For people who are interested in having a round-trip workflow where they’re staying in a raw the entire post process, Adobe Premiere Creative Cloud is the best option for you.
Note: Previous version of Premiere (like CS6) will not work with native .CinemaDNG image sequences, so if you are using a previous version of Premiere you will need to transcode dailies to an accepted file format like ProRes using LightPost. (To see a list a Adobe products compatible with .CinemaDNG, click here.)
The good news: Starting with Creative Cloud edition, Premiere Pro now allows you to edit with native CinemaDNG sequences. The bad news: the importing workflow and footage preview still leaves something to be desired. The below represents the best practices we’ve found to complete your edit in Premiere Pro CC.
- Open Premiere and create a new project. Make sure to set your scratch disks to your editing drive.
- Press ⌘+I to start importing your footage.
- Navigate to the date folder where all of your DNG files are stored. (If you have multiple dates, you will want to search within the DCIM folder.)
- In the Search Bar at the top of the dialog, search for “000001.dng”—this will find the first frame from each shot of your footage, and it’s importing the first frame which helps Premiere recognize that you are trying to load an image sequence. Using the search bar to find the first frames is the preferable and recommended way right now to important CinemaDNG footage into Premiere. (Want to know why? Check out the next section.)
- If you have recorded audio files, press ⌘+I and perform the a similar process to import or audio files.
- In the Search Bar, search .”AIFF” to find all of the recorded audio files that accompany your clips.
- Once you have imported all of your clips and you have arrange them in bins as you prefer, you can just start dragging clips onto the timeline and edit as you would with any other format.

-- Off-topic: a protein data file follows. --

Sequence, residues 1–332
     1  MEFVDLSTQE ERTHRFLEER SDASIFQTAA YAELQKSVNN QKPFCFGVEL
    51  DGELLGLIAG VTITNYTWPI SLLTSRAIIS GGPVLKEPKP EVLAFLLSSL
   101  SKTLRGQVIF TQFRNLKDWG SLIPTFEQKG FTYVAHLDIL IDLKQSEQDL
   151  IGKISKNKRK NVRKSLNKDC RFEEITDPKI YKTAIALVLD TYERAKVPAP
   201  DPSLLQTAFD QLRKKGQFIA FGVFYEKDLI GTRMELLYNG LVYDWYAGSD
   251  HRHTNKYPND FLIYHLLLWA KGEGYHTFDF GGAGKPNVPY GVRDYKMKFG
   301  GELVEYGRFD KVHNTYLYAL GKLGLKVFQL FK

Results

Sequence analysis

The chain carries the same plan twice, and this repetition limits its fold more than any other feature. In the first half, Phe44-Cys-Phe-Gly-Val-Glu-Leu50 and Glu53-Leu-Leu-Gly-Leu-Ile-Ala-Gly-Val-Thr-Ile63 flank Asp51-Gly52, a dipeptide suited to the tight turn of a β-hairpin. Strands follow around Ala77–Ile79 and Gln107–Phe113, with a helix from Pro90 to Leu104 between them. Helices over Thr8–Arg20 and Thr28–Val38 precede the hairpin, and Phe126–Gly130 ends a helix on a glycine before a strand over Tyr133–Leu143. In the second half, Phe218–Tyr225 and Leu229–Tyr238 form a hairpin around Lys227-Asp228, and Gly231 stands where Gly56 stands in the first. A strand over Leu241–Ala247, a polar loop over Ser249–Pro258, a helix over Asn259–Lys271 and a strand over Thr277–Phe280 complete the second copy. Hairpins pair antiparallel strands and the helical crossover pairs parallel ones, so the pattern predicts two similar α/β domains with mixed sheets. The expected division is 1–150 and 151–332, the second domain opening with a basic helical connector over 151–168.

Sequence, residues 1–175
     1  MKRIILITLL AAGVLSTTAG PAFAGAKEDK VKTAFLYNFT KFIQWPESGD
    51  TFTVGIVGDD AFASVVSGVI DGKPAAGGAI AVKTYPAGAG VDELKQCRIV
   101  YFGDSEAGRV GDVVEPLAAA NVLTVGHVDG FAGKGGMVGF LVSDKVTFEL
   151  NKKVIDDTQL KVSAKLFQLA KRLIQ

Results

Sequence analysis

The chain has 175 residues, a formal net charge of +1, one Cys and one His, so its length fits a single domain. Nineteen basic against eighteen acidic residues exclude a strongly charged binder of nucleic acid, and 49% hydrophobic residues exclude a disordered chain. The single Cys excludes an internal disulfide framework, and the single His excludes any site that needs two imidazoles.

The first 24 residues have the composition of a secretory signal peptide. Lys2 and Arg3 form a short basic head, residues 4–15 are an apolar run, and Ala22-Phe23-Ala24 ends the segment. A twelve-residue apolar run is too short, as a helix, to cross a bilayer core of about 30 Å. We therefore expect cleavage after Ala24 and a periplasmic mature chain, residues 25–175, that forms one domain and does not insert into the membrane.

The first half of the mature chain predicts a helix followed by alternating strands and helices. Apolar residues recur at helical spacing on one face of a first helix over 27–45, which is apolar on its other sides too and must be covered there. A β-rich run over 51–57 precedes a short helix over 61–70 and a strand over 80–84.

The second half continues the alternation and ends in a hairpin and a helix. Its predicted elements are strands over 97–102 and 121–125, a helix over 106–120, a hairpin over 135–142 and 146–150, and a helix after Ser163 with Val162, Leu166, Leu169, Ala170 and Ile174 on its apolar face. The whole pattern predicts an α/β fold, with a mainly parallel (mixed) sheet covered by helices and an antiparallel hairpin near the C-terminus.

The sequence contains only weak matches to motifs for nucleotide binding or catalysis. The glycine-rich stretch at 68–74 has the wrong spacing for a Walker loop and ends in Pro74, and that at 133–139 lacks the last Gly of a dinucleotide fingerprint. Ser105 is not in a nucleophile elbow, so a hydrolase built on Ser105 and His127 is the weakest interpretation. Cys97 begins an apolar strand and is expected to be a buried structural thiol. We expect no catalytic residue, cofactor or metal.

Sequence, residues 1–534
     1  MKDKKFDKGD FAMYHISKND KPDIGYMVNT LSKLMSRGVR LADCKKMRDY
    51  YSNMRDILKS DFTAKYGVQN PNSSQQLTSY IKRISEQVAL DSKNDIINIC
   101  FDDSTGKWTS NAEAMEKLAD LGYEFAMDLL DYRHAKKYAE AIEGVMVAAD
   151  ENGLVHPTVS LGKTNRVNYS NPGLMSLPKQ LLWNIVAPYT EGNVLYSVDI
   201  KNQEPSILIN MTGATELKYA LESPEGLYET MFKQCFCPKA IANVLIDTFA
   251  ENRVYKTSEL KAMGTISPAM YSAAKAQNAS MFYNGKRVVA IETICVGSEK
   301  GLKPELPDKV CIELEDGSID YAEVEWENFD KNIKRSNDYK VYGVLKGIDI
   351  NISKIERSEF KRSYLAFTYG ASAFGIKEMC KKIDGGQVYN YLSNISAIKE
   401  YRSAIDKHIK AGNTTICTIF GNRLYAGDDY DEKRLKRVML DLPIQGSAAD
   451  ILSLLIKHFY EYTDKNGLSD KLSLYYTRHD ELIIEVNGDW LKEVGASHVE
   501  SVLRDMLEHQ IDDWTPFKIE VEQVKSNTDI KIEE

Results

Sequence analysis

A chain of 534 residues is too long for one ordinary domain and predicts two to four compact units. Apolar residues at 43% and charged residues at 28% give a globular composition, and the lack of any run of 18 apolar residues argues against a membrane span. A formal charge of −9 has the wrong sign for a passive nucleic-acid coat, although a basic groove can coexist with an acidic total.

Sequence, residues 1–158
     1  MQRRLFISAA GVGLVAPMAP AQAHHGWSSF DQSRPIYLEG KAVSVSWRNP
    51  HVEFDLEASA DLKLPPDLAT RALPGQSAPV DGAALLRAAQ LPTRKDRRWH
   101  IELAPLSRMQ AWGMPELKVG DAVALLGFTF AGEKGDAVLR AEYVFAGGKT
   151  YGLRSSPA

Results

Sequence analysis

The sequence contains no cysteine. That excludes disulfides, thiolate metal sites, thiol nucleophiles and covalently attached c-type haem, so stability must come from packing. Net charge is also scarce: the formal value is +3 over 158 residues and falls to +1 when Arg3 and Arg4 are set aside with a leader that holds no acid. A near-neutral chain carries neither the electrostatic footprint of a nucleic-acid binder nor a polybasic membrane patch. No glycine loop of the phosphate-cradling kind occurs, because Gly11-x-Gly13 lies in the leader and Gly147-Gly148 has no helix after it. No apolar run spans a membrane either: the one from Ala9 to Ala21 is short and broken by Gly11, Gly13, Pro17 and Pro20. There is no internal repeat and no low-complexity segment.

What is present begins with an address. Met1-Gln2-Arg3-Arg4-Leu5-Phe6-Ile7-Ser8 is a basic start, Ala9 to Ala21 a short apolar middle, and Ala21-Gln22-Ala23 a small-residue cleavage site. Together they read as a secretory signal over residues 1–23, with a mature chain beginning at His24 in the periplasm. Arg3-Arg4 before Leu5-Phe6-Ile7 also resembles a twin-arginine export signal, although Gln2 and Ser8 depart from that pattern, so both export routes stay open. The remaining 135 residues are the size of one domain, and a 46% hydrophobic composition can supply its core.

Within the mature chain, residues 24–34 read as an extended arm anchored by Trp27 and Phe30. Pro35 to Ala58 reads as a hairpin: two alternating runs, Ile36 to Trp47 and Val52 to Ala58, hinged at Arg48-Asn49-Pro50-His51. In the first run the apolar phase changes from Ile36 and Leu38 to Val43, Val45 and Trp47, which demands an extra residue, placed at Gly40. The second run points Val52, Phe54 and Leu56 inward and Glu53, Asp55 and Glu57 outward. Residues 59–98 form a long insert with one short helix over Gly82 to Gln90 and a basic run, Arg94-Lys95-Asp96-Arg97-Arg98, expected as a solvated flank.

Why do I need to use search to import my clips? Why can’t I just select all the folders instead?
It completely makes sense that you should be able to import a folder that contains a CinemaDNG image sequence into Premiere Pro, but that doesn’t mean you can (yet!).
Premiere Pro recognizes image sequences only when you select an image file to import. If you try to import a folder, even if that folder contains an image sequence, Premiere Pro does not recognize the image sequence and instead attempts to add each individual image file into your project—creating a huge headache.
There is an alternative method to using search, but it is time consuming and therefore not recommended. After pressing ⌘+I, navigate to an individual shot folder and select the first frame in that shot. Click “Select”, and that shot will be imported into your project as a sequence. You will need to then repeat this action for each shot folder.
Adjusting Preview Playback
Playing back CinemaDNG sequences is resource intensive, so depending on the video card of your computer, playback may or may not be slightly choppy. If your computer is not the most robust, we recommend changing the playback resolution of your timeline preview.
On the right hand side of the video screen tab, beneath the monitor, there is a drop-down menu that allows you to select the quality at which the preview is playing. The default is FULL, but you can also select 1/2, 1/4, or 1/8. We recommend playing with those settings to determine which resolution is appropriate for the speed of your computer’s video card.
Once you have finished editing, there are a few different options for color grading available.
- How to: Exporting an XMP from Premiere Pro CC into DaVinci Resolve
- How to: Grade in After Effects when editing in Premiere Pro CC
- How to: Grade in Speed Grade when editing in Premiere Pro CC